Tuesday, April 5, 2011

Laura Bullion ~ The Thorny Rose

Laura Bullion was born in Knickerbocker, Tom Green Co., TX to Henry Bullion and Fereby E. Byler. Most sources, as well as Bullion's grave marker, provide December 2, 1876 as the date of her birth. Her mother was German and her father was Native American.

Henry Bullion had been an outlaw and was acquainted with William Carver ("News Carver") and Ben Kilpatrick ("The Tall Texan") both of whom Laura met when she was around 13 years old. Her aunt, Viana Byler, married Carver in 1891, but died soon after the marriage from fever.

At age 15, Laura began a romance with Carver, who for a time after his wife's death had been involved with female outlaw Josie Bassett, sister to Cassidy's girlfriend Ann Bassett. She also worked as a prostitute until reaching the age of either 16 or 17. She is believed to have returned to prostitution from time to time, working mostly in Madame Fannie Porters brothel in San Antonio, TX, a frequent hideaway for the gang.

When Laura first became involved with Carver, he was riding with the Tom Ketchum ("Black Jack Ketchum") gang, and she wanted to join him. He wouldn't allow it at first, so they only saw one another between robberies. While in Utah and on the run from lawmen, Carver became involved with the Wild Bunch gang, led by Butch Cassidy and Elzy Lay. Members of the Wild Bunch nicknamed her Della Rose, a name she came by after meeting Kid Curry's girlfriend Della Moore. She was also referred to as the Rose of the Wild Bunch.

In the early 1890s, she became involved romantically with Ben Kilpatrick ("The Tall Texan"), after Carver began a relationship with a prostitute named Lillie Davis, whom he had met while at Fannie Porter's brothel in San Antonio, TX. As the gang robbed trains, Bullion supported them by selling stolen goods and making connections that could give the gang steady supplies and horses.

By 1901, Laura was again involved romantically with Carver, as well as occasional involvement with other members of the gang. When Carver was killed by lawmen, on April 1, 1901, Bullion became involved romantically with Kilpatrick again, and the two fled to Knoxville, Tennessee. Della Moore and Kid Curry met up with them there, and the four stayed together for a number of months, until in October, when Della Moore was arrested for passing money linked to one of the gangs robberies.

Mugshot, 1901
On November 6, 1901, Laura was arrested on federal charges for "forgery of signatures to banknotes" at the Laclede Hotel in St. Louis. She had $8,500 worth of robbed banknotes in her possession, stolen in the Great Northern train robbery. In an arrest report dated November 6, 1901, her name is filed as "Della Rose" and her aliases are stated to be "Clara Hays" and "Laura Casey & [Laura] Bullion". The arrest report lists her profession as prostitute.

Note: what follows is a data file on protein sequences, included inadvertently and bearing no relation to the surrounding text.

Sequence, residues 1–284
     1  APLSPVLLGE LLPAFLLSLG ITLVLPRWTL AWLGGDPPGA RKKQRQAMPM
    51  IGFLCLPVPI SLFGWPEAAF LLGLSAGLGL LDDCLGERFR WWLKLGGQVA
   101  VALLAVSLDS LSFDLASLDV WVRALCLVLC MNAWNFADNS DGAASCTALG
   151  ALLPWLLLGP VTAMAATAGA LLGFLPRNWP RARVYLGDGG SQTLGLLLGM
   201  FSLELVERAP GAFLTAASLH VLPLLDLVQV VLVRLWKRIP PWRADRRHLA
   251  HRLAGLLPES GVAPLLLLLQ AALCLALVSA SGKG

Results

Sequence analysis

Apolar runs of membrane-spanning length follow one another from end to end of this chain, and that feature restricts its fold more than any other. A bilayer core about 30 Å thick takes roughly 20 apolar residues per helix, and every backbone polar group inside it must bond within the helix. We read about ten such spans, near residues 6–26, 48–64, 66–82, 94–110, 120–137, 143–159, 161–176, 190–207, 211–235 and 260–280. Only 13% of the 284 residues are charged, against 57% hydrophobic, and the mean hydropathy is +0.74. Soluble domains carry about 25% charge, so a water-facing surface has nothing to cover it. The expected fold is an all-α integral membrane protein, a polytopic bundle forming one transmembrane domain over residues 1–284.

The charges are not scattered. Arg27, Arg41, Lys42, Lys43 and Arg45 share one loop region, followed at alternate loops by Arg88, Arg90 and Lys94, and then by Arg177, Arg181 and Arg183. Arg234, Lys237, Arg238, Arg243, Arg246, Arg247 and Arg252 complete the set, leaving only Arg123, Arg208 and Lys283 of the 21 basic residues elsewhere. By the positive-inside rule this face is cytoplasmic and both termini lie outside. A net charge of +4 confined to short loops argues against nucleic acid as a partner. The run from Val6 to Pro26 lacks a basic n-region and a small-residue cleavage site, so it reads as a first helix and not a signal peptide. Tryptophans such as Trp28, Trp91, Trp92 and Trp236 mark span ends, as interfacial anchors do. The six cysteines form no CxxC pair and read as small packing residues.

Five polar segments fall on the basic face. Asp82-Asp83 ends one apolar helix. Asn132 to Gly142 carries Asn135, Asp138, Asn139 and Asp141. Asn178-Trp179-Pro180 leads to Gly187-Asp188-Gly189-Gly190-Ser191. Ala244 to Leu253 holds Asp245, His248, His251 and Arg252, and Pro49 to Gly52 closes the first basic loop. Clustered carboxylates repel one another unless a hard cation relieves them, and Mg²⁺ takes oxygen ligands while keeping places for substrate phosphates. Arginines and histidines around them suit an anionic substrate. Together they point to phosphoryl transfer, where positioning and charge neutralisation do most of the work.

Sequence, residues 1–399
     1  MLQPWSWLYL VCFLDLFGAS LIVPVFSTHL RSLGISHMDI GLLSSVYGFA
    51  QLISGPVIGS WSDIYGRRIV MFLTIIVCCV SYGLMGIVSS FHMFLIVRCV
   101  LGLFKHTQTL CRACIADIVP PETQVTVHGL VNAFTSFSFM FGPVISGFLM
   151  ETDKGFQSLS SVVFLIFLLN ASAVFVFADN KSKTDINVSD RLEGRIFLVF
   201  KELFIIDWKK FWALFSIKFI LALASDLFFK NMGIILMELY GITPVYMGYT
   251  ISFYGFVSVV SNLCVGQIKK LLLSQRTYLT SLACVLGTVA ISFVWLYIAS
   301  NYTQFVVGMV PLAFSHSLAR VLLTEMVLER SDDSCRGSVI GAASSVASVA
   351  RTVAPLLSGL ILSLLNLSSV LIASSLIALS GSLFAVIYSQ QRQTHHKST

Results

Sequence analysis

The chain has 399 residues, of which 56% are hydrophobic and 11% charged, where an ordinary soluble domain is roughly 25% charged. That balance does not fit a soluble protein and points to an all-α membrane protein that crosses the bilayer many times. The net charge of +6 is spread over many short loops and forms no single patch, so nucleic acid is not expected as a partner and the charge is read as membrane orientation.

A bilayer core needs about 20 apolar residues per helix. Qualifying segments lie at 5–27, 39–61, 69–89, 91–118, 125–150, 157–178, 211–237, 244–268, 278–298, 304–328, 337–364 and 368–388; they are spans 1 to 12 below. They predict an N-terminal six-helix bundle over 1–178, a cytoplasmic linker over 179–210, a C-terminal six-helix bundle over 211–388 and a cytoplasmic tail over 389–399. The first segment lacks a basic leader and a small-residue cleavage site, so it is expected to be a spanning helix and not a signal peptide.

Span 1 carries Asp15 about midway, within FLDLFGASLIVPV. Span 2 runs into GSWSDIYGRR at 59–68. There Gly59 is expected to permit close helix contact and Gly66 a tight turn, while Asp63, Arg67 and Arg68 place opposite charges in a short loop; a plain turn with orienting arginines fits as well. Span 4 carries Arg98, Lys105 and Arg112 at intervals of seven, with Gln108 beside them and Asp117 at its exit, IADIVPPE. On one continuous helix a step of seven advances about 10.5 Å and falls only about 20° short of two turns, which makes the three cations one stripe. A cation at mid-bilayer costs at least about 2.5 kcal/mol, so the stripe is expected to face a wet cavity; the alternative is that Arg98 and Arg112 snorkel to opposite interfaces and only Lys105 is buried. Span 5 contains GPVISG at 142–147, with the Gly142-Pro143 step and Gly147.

According to a New York Times article, she was "masquerading as Mrs. Nellie Rose" at the time of her arrest. The same article also mentions a suspicion that Laura Bullion, "disguised as a boy", might have taken part in a train robbery in Montana. The paper cites Chief of Detectives Desmond: "I wouldn’t think helping to hold up a train was too much for her. She is cool, shows absolutely no fear, and in male attire would readily pass for a boy. She has a masculine face, and that would give her assurance in her disguise."
On December 12 1901, Kilpatrick was arrested. Curry escaped capture on December 13, 1901, killing two Knoxville policemen in the process. Bullion and Kilpatrick were both convicted of robbery, with Bullion being sentenced to five years in prison, and Kilpatrick receiving a twenty year sentence. She spent three and a half years before being released in 1905. Kilpatrick was not released from prison until 1911.
Kilpatrick stayed in contact with Laura through letters. By the time of his release from prison in 1911, she had become involved with at least four other men, but they never reconnected nor did they ever see one another again. Kilpatrick was killed robbing a train on March 13, 1912. By that time, all the members of the Wild Bunch gang were either in prison, dead or had served a prison sentence and moved on to other things in their lives.
In 1918, she moved to Memphis, where she spent the remainder of her life working as a householder and seamstress, later as a drapery maker, dress maker and interior designer. Claiming to be the war widow of Maurice Lincoln, she lived in Memphis for 43 years under the assumed names of "Freda Lincoln", "Freda Bullion Lincoln" or "Mrs. Maurice Lincoln".
According to her obituary, Laura died of heart disease at the Shelby County Hospital at 6:45 p.m. on December 2, 1961. Her death certificate gives October 4, 1887 as her birthday, making her about ten years younger than she was. On her grave marker at the Memorial Park Cemetery in Memphis, her name is inscribed as "Freda Bullion Lincoln" and "Laura Bullion", her birth name. The grave marker has a decoration of embossed rose vines along the edges. The decoration and her epitaph, The Thorny Rose, refer to Bullion's nickname in the Wild Bunch.
It is unknown who chose the decoration or the epitaph for her grave marker. Laura was the last surviving member of the Wild Bunch gang.

1 comment:

  1. Thanks for posting this and sharing, it was very informative.